– I have no knowledge whatsoever on the Argentina case, but the facts you presented don’t really tell us anything. “…average real GDP growth in the period was just 0.7%”. So what? Without some sought of estimate of what real GDP growth would have been without the stimulus package, this fact tells us nothing. It may be the case that the fiscal package saved the economy from negative growth in real GDP.

    – Japans a unique case. Basically, the reason behind Japans poor performance in the 1990’s was the fact the economy was caught in a deflationary spiral. Also, it could be argued that if they’d acted with expansionary fiscal policy prior to being caught in this spiral, they may have avoided deflation altogether. The main problem in this case was the governments inaction early on in the crisis. Nonetheless, I think quantitative easing would have been more appropriate, rather than direct government spending.

    – The great depression started in 1929. Not knowing how to deal with such a complex problem, it took several years before the government started significant expansionary fiscal policy. In fact, it wasn’t until 1933 that massive government intervention was initiated by Franklin Roosevelt. After this intervention, things started to improve quite dramatically.

    And finally: Keynesian models and growth theory models are not in competition with one another. Keynesian stimulus is appropriate as a response to short term swings in the business cycle. Growth theory is appropriate for long term growth. Also, growth theory doesn’t necessarily emphasize tax cuts as a means to achieve its goal.

    With regards marginal tax rate cuts on work providing more incentive for individuals to work… not exactly true. Think about the supply curve for labour and its pretty obvious why this is the case.

  2. Trout Says:

    With regards to my point on the depression, I have found the following quote from then Treasury Secretary, Andrew Mellon, made in 1930. His suggestion as a means to deal with the great depression was for the Fed to: “Liquidate labor, liquidate stocks, liquidate real estate… values will be adjusted, and enterprising people will pick up the wreck from less-competent people.” In other words, leave it to the market. As can be seen, this failed miserably, with improvement only really occurring around 1933 when government action was taken.

  3. Tim Says:

    Right. So while the factual evidence shows that the crash of 29 was caused by the Smoot-Hawley Tariff Act (government intervention), was turned into a depression by the disastrous intervention re constricting the money supply of the Federal Reserve (government intervention) and was prolonged through almost a decade of FDR’s wasteful spending (again, government intervention – which contrary to your post did NOT lead to any remarkable recovery), you conclude that the market failed miserably on the basis of… one quote.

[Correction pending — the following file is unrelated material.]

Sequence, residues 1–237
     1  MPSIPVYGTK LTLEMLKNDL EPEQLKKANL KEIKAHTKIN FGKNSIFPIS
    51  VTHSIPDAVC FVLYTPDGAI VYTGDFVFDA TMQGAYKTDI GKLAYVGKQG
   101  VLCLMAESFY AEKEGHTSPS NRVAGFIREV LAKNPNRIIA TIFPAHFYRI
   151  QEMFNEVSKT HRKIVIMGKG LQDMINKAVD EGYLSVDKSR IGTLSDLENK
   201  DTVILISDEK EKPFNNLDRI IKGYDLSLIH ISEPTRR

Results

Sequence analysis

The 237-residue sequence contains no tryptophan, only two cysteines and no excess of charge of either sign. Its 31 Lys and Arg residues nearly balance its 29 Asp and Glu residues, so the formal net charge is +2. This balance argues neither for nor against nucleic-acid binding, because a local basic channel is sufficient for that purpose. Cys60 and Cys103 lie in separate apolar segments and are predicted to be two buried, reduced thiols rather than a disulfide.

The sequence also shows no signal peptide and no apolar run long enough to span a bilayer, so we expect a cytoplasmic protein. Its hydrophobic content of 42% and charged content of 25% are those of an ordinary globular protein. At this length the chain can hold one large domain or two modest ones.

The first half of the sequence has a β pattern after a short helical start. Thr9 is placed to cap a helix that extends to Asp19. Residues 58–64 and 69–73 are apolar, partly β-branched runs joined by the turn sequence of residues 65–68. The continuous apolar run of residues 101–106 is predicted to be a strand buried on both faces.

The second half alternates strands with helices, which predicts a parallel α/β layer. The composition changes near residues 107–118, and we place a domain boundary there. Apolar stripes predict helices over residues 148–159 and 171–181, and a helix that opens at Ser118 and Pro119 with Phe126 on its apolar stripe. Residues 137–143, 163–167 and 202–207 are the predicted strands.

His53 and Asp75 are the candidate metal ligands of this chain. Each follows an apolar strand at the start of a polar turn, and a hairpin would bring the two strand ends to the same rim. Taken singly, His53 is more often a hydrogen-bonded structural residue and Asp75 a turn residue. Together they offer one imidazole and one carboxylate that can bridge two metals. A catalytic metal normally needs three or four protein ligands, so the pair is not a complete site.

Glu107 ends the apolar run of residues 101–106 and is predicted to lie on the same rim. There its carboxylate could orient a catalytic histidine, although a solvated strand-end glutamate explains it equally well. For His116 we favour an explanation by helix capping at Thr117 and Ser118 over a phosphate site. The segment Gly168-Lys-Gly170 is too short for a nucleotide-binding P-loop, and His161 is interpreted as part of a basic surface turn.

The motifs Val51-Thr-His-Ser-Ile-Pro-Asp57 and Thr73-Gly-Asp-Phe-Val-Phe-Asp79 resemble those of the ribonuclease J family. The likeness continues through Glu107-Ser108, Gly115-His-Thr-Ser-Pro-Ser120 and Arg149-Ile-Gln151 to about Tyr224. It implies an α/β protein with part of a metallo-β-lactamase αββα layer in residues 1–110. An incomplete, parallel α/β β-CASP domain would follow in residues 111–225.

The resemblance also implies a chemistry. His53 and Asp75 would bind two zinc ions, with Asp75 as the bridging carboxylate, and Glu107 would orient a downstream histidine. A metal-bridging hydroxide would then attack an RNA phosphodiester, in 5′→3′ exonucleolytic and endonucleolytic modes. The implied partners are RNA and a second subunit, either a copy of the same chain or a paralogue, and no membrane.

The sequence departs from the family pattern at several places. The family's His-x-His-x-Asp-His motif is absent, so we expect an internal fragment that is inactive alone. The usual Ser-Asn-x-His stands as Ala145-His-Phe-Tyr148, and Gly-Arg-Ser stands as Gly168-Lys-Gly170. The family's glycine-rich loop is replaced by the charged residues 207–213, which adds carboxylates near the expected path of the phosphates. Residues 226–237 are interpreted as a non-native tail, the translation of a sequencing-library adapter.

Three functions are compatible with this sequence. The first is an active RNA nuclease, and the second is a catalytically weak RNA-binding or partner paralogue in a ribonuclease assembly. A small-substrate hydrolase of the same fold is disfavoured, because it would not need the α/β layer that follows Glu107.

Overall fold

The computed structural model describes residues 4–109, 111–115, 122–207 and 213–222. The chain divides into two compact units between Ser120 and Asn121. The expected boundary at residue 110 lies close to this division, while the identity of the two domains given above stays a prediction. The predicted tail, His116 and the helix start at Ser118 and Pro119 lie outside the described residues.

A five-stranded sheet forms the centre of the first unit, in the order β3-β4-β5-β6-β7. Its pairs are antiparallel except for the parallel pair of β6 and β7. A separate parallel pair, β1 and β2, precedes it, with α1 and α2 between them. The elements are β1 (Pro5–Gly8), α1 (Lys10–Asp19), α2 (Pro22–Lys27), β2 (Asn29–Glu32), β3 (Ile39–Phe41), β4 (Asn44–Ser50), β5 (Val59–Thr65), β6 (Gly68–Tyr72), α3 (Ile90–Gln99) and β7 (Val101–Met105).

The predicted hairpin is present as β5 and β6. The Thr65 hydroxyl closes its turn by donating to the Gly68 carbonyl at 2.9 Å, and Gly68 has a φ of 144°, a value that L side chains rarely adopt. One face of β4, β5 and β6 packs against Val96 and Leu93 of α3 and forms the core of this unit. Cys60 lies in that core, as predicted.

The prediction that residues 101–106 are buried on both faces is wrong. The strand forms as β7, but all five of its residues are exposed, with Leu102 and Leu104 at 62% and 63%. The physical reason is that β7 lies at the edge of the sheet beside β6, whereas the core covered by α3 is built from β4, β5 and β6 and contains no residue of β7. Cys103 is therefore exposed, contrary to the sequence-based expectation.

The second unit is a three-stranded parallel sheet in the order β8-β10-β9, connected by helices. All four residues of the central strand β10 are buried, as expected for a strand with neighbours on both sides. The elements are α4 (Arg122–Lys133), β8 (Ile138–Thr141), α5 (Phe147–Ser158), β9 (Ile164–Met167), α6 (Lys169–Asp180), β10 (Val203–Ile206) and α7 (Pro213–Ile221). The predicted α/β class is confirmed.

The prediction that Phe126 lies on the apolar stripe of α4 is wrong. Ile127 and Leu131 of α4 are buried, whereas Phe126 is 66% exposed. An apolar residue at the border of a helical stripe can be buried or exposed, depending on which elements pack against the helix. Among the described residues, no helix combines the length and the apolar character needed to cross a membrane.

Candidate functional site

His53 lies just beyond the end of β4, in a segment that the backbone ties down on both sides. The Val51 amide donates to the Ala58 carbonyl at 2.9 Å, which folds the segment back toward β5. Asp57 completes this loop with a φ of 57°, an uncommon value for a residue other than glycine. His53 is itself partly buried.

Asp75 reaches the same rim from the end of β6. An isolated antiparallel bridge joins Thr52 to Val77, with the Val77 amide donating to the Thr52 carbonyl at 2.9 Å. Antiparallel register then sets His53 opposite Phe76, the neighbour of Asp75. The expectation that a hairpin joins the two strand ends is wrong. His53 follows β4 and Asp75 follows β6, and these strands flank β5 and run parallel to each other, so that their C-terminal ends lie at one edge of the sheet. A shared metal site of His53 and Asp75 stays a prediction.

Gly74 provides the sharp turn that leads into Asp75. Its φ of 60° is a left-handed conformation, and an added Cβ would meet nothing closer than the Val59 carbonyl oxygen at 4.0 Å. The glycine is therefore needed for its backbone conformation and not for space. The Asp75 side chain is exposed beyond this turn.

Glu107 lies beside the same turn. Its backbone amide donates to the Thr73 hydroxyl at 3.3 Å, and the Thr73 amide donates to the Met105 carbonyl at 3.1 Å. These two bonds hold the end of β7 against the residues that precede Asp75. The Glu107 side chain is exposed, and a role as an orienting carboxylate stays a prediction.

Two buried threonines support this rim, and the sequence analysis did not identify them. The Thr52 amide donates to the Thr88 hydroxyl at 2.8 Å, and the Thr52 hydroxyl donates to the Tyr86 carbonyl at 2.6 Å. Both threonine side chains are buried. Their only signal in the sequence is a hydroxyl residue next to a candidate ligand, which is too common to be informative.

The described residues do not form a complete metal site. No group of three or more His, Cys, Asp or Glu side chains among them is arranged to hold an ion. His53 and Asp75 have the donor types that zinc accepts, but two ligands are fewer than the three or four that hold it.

Right.

    I’ll address the substance of your first comment in a proper post shortly.

  4. Trout Says:

    Ha, yeah. The Smoot-Hawley Tariff Act was the sole cause of the great depression. Although a generally shit piece of policy that by no means helped the situation, I think you may have made a bit of an overstatement there. Have a read on institutional arrangements of the time, such as the gold standard and bank lending margins.

    I agree completely, they should have increased the money supply.

    I agree, spending did not lead to a remarkable recovery. It did, however, lead to a short term recovery. The problem is they carried on the spending way too long, and initially didn’t complement the policy with sufficient changes in institutional arrangements to address the underlying problems.

  5. Stimulus Spending « The musings of an Australian classical liberal in Washington DC Says:

    […] Trout, hailing from the bastion of freedom and rationality that is the UQ Liberal Club, made the comment here that: “With regards to my point on the depression, I have found the following quote from then […]

  6. Sean Says:

    Stimulus spending is always overemphasised in its positive impact. If you look at Japan which was caught in a debt-deflation spiral they spent trillions of Yen on infrastructure projects but after a “lost” decade they have very little to show for it other than bridges to nowhere.

    What are the two key aspects of ensuring a renewed economic growth: credit and confidence. Credit flows must be resumed and this can only come from banks admitting to the real values of the underlying assets. This will free up credit for business after another recapitalisation of the retail banks (due to the losses from impairments). The second part is confidence. If people are confident about the future then they will spend and invest rather than save and repay debt (Keynes’ Paradox of Thrift). Sudden action, with resolute rhetoric rather than hasty and continuous action which dimishes the public’s perception of the effectiveness of government action.

    Animal spirits is more important than pump priming.